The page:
Social Media and Schoolwork

Earlier today, I was sitting in my dorm and just decided to check out the social media websites. Before I knew it, thirty minutes had gone by and I had scrolled through my entire Facebook, Instagram and Twitter feeds multiple times.


We have all been in the situation in our dorms and decided it was time to do work. At this point many of us sit down, turn on our computers, open the Internet and log onto Facebook or Twitter. These sites are getting in the way of our schoolwork and social media is taking over our lives because we are on it 24/7 and we are losing touch with the world around us. While we are spending time on social media, we are losing time we could be studying and becoming more successful in school.

A study conducted in 2010, studied 219 United States students aged between 19 and 54. Non-Facebook users had an average GPA of 3.82 while; Facebook users had an average GPA of 3.06. Additionally, non-Facebook users spend on average, 88% more time studying than users. A quarter of the users even admitted that Facebook has had a harmful effect on their schoolwork performance.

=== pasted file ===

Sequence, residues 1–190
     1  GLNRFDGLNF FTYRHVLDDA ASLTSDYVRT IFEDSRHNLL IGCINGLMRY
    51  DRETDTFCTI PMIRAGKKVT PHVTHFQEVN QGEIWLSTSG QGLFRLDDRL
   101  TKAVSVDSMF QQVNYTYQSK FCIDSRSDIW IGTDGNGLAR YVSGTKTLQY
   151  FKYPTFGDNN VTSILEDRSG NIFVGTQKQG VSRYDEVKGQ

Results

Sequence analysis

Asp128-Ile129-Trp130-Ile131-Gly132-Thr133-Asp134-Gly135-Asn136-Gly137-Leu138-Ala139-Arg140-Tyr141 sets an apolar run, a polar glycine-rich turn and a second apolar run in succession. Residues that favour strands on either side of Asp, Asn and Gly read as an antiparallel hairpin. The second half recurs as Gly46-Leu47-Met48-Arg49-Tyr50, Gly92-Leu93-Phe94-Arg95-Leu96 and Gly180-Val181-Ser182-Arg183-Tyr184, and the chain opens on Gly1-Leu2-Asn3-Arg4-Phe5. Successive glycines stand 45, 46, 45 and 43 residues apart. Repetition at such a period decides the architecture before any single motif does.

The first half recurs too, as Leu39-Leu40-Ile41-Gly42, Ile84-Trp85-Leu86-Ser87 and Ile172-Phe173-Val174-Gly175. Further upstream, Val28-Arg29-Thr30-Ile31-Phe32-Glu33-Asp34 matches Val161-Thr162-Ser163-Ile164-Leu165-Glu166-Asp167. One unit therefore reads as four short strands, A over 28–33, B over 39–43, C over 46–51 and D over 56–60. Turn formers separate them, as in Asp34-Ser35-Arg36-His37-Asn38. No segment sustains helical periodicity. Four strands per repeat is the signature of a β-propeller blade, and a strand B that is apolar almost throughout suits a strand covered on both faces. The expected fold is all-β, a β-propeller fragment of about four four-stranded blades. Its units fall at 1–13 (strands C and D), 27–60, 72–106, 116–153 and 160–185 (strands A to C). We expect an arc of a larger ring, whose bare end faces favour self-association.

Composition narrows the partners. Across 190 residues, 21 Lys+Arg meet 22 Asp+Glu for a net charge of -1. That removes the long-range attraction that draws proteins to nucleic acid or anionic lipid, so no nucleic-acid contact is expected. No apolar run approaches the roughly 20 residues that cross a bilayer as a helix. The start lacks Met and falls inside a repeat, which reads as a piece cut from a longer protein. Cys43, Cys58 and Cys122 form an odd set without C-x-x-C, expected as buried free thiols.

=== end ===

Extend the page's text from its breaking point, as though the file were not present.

There could be many explanations to the outcomes of this study and it is very hard to prove whether Facebook actually hurts school performance from looking at this one study. During this study, only 219 students in all of America were studied and to make this study stronger, a couple of hundred, if not thousands of students should have been studied. It is very hard to judge a whole group of students off of the number that was studied. Business Wire reports that by the age of 2, 90% of American kids have history online. This is scary… it really is. We do not know the effects that this has on children later in life and while these children are constantly growing we must ask, is technology as a whole ruining our generation?

1 thought on “Social Media and Schoolwork

  1. Sang Hyun Cho

    Many students today have 4 or even 5 social media outlets. Facebook, Instagram, Vine, and Twitter all serve to between connect us to each other. It’s very interesting to see that there is a correlation between GPA and social media use. Those with fewer social media accounts have higher GPAs. While correlation does not mean causation, I can certainly see how this could possibly make sense. A study by Whittemore college of businesses conducted by a student researchers also furthers your blog. Its an interesting read and they approach the question at multiple angles. Overall it was a great read and very well organized. I especailly appreciated the use of the specific study in 2010. Makes the article really credible.

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